Born Great Barrington, Massachusetts
Sociologist and historian W.E.B. Du Bois originated the policies-legal suits, legislative lobbying, and public protest-that characterized the civil rights movement of the 1950s and 1960s. In the early 1900s, he organized protests against the increasing racial violence that spread from the South into northern cities.
Breaking ranks with Booker T. Washington and his policies of accommodation and gradualism, Du Bois called for immediate civil and political rights for African Americans.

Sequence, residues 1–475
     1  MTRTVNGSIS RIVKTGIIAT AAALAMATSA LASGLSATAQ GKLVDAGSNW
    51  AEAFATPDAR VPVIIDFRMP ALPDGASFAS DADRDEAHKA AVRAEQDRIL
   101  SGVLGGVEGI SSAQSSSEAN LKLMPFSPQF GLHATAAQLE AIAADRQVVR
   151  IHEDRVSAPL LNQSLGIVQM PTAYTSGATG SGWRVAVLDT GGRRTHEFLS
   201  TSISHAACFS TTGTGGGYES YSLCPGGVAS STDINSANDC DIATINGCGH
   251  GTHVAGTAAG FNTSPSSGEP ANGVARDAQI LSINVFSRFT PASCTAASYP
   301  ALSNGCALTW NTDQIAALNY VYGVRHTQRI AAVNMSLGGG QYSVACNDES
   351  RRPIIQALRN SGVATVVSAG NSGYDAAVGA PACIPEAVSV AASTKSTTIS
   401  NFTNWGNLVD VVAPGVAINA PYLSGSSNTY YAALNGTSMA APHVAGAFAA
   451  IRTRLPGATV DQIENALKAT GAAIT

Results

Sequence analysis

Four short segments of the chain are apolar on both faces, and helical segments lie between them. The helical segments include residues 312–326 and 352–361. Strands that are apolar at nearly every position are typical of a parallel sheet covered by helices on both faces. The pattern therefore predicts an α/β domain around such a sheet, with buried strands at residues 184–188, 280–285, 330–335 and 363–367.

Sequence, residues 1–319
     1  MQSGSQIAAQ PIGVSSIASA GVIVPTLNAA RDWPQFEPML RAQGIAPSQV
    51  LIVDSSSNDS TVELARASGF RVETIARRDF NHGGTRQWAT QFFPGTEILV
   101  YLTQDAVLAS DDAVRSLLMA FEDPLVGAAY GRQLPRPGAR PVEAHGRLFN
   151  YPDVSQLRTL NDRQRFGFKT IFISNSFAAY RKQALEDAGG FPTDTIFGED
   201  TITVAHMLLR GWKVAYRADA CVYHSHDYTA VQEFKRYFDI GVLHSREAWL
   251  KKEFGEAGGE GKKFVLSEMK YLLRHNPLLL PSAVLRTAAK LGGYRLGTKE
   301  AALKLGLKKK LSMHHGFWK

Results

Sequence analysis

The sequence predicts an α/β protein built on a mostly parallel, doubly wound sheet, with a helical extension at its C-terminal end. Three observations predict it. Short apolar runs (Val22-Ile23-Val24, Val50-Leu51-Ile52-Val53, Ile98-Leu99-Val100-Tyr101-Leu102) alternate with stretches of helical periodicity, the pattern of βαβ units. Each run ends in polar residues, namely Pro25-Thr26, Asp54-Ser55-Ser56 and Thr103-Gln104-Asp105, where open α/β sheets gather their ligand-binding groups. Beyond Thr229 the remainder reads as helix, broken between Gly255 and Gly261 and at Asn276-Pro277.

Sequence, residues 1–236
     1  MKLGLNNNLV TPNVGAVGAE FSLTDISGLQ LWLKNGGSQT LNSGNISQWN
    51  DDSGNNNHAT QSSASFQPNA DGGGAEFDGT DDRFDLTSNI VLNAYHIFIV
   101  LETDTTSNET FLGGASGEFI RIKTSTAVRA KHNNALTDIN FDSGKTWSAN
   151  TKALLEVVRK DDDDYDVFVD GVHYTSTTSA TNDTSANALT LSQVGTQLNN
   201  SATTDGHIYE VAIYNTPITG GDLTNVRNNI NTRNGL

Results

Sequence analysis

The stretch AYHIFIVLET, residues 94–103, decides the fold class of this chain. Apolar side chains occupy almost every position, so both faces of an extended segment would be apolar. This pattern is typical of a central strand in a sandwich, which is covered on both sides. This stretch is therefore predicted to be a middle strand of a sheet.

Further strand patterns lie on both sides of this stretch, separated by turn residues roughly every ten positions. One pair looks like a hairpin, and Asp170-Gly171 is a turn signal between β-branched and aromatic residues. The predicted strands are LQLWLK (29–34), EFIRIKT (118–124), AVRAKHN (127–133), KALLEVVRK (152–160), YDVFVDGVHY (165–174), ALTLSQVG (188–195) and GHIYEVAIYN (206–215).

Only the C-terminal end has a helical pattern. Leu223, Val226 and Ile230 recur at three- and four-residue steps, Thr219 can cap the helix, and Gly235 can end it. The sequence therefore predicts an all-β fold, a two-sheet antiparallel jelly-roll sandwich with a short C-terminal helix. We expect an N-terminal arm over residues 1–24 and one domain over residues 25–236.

He founded the National Association for the Advancement of Colored People (NAACP) in 1910 and became editor of its monthly magazine, The Crisis. Du Bois's disillusionment after World War I attracted him to Marxism and led him to question the efficacy of legal and political tactics to end racism. He eventually became a citizen of Ghana.
Du Bois was the author of such classic works as The Souls of Black Folk (1903) and Black Reconstruction in America (1935).